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Paul Hendrix, equipment pricing analyst for IronPlant, provides these eight tips that could save you from a lemon. If you don’t know what to look for, you may end up bringing home a machine that costs you more than if you bought a new one, Hendrix says. You either need to hire someone to inspect a vehicle or train yourself in how to assess the equipment.
5. Assess condition
Condition of equipment has a profound effect on value, Hendrix says. Tractors in good condition usually command a premium. “For example, farm tractors from the Midwest are often so clean that brokers call them ‘Midwest clean,’” he says. “They tend to have very low use-hours and better-than-average care and maintenance. On the other hand, a tractor from south Florida or the Mississippi Delta usually has much higher hours, is faded from being parked outside, and has 15 or 20 drivers instead of one.”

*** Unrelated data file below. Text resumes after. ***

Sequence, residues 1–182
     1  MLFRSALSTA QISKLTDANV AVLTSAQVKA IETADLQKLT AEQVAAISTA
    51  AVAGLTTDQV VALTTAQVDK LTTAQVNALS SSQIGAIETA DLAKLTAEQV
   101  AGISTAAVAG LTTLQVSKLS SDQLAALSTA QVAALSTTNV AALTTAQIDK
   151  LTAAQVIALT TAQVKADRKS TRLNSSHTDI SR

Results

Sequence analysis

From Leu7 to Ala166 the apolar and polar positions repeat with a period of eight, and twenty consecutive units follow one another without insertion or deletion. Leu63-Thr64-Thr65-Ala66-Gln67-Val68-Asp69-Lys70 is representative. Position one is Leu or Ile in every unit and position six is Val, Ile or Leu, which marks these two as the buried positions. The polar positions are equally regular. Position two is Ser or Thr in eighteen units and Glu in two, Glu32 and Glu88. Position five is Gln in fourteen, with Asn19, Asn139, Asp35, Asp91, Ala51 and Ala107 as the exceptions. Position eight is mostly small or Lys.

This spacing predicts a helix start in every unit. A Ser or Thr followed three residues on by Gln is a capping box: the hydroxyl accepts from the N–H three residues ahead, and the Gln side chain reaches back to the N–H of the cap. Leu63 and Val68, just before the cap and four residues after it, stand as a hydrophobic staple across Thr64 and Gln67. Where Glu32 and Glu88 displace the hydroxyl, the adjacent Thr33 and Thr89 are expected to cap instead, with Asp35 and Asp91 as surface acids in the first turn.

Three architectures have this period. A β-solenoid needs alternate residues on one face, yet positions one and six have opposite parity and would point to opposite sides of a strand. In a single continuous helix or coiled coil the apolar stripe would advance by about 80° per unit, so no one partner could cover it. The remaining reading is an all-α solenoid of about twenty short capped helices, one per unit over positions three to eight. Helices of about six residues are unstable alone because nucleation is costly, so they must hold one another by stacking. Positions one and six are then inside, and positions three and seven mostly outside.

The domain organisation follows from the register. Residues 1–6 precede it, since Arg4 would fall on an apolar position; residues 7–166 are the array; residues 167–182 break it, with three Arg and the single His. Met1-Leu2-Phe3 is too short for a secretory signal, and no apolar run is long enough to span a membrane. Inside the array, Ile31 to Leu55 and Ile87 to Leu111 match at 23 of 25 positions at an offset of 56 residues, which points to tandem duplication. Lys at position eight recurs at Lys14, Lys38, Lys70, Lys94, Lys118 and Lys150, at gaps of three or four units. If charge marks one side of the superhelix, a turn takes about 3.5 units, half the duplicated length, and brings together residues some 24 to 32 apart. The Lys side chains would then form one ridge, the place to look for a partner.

If the machine comes with onboard electronics, check for obsolescence. Don’t pay extra for an option that is not current or upgradeable.
To check for internal problems, ask for a detailed inspection. IronPlanet is one of the only auction houses that provides detailed inspections of the products it sells and guarantees the outcome. Ask for oil samples, too, which can show problems with the engine or transmission.